U.S. Strategy in the Middle East
By Sen. John McCain (R-Ariz.)
Text:http://www.brookings.edu/~/media/events/2013/6/06 us middle east mccain/20130606 _us_middleeast_mccain_transcript
Reviewed by Francis P. Sempa, Contributing Editor
In a recent speech at the Brookings Institution, Senator John McCain reviewed the growing sectarian conflicts in the Middle East and urged the Obama administration to take the lead in supporting the moderate forces striving for freedom in the region.
He reflected on his numerous trips to the region and his discussions with leaders of the moderate forces vying for political power in Syria, Iraq, and other countries. The conflict in Syria is, he said, at the heart of the matter. Assad's government, backed by Iran, Russia, and Shia militants, is winning the struggle against opposition forces. He noted that 80,000 Syrians are dead and one-fourth of the population is homeless as a result of the conflict. Syrian refugees are flooding into neighboring Turkey, Lebanon, and Jordan, straining the resources and potentially the stability of those regimes.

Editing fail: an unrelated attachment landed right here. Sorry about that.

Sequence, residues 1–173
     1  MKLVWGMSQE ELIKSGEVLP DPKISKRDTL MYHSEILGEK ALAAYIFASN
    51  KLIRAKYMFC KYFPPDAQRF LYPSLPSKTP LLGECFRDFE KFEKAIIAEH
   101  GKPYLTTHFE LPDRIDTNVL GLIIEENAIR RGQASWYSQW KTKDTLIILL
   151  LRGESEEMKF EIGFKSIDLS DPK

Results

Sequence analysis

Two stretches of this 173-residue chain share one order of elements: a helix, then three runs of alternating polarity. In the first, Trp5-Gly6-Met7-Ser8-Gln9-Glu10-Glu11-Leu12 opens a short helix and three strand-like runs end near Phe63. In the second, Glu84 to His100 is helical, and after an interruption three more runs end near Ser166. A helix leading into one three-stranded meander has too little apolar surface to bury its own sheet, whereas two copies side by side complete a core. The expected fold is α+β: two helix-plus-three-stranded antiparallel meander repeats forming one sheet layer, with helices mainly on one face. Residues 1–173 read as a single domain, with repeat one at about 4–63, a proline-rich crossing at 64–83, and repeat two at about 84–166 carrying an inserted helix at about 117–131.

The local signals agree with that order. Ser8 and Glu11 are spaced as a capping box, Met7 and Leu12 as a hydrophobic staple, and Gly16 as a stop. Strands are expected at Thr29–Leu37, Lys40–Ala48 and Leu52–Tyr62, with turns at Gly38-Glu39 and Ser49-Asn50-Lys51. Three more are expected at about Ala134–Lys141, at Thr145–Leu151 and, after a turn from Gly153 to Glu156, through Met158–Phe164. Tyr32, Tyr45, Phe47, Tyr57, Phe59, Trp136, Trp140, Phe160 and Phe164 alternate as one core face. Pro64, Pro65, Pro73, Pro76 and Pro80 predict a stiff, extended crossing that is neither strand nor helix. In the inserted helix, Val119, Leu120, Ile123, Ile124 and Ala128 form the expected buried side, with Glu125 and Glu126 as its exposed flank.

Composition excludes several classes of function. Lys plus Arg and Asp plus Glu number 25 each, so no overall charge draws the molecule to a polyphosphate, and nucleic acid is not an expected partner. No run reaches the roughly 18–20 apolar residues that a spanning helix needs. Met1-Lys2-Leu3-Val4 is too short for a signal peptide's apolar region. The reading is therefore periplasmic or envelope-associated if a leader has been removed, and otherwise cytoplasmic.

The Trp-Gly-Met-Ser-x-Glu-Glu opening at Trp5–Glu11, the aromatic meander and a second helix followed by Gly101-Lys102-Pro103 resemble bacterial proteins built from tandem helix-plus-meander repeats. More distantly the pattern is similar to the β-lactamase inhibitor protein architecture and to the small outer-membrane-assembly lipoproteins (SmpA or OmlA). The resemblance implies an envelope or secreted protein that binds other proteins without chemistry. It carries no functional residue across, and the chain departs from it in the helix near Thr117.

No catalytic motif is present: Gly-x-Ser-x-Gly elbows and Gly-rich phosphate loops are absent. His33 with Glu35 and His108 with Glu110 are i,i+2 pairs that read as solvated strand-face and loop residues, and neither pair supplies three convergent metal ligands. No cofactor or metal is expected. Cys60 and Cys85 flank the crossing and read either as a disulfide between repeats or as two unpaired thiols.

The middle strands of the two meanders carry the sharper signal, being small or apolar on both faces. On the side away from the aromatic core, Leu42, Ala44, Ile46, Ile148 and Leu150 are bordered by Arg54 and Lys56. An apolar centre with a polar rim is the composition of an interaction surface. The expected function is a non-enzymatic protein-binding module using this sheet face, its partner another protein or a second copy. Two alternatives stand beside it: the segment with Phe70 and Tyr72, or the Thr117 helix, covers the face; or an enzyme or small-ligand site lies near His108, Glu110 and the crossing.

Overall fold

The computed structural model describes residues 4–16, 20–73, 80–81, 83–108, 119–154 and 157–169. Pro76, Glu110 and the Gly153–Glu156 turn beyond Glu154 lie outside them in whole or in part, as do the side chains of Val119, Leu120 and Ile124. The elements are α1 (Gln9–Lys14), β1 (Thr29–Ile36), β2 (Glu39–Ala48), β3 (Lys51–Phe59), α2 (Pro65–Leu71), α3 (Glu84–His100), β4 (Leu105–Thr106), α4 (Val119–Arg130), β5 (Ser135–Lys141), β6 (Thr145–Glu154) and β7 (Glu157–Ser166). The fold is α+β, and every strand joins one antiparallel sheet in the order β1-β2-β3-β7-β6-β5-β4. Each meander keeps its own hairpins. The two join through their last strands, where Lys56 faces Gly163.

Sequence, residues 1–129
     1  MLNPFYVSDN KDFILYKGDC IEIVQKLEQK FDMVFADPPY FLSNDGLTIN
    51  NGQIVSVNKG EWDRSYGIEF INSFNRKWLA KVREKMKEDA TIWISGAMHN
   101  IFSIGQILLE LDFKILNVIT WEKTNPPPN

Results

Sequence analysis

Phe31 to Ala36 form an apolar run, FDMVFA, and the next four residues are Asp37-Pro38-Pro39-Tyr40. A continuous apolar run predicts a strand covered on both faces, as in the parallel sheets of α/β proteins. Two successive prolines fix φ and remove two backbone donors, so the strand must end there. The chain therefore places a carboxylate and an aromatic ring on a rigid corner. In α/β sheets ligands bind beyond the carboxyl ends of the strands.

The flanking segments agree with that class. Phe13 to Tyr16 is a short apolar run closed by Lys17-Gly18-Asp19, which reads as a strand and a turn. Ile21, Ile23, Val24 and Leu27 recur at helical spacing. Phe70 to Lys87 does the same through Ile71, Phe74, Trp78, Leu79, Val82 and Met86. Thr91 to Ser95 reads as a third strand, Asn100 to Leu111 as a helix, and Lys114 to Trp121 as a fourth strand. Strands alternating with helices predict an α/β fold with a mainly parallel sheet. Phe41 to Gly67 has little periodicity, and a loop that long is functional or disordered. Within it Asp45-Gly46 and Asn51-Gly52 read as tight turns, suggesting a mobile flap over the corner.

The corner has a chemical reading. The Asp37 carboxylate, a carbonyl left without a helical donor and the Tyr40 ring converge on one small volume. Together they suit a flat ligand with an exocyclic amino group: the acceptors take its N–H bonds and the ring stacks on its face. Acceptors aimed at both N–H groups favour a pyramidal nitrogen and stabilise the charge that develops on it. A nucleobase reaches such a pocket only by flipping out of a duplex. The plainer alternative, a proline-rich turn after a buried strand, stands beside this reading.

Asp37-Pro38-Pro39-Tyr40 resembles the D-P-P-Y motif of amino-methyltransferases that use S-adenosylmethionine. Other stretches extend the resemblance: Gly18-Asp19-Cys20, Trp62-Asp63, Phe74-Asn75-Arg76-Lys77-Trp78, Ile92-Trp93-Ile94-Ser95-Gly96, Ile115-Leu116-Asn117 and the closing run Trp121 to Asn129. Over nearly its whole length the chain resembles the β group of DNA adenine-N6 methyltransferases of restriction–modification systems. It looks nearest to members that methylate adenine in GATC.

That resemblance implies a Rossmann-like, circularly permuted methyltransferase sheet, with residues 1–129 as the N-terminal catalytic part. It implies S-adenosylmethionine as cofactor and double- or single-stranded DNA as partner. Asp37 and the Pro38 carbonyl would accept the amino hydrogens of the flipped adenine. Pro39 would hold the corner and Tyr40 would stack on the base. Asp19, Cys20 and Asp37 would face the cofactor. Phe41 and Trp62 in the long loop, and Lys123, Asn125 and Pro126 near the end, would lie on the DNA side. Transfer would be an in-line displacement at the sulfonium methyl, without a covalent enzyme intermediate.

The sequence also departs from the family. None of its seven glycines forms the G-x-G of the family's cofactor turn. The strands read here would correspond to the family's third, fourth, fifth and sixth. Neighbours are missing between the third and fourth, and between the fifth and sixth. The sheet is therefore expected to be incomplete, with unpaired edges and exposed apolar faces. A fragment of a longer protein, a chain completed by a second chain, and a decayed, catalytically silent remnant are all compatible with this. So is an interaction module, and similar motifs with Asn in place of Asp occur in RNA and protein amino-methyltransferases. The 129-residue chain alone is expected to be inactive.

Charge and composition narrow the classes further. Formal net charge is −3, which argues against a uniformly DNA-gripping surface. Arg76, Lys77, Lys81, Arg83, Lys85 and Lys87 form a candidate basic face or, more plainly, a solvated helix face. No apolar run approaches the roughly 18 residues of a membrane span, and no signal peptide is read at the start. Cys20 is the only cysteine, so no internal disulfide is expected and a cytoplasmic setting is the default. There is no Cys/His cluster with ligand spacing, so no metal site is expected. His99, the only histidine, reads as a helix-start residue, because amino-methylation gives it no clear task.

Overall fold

Throughout the region, McCain noted, Al-Qaeda affiliated extremist groups seek to fill political vacuums. "The space for moderate politics is collapsing," he warned, "as the Middle East descends into extremism and conflict." The region, he said, is undergoing a period of upheaval not seen since the fall of the Ottoman Empire.
He reminded his audience that the U.S. has enduring interests in the region that transcend oil and energy sources. The United States cannot safely "pivot away" from the region. The U.S. should provide whatever assistance it canshort of military troops to support moderate forces in the region.
McCain' concluded that the Arab Spring, without American leadership, may produce a Middle East more unstable and more hostile to American interests.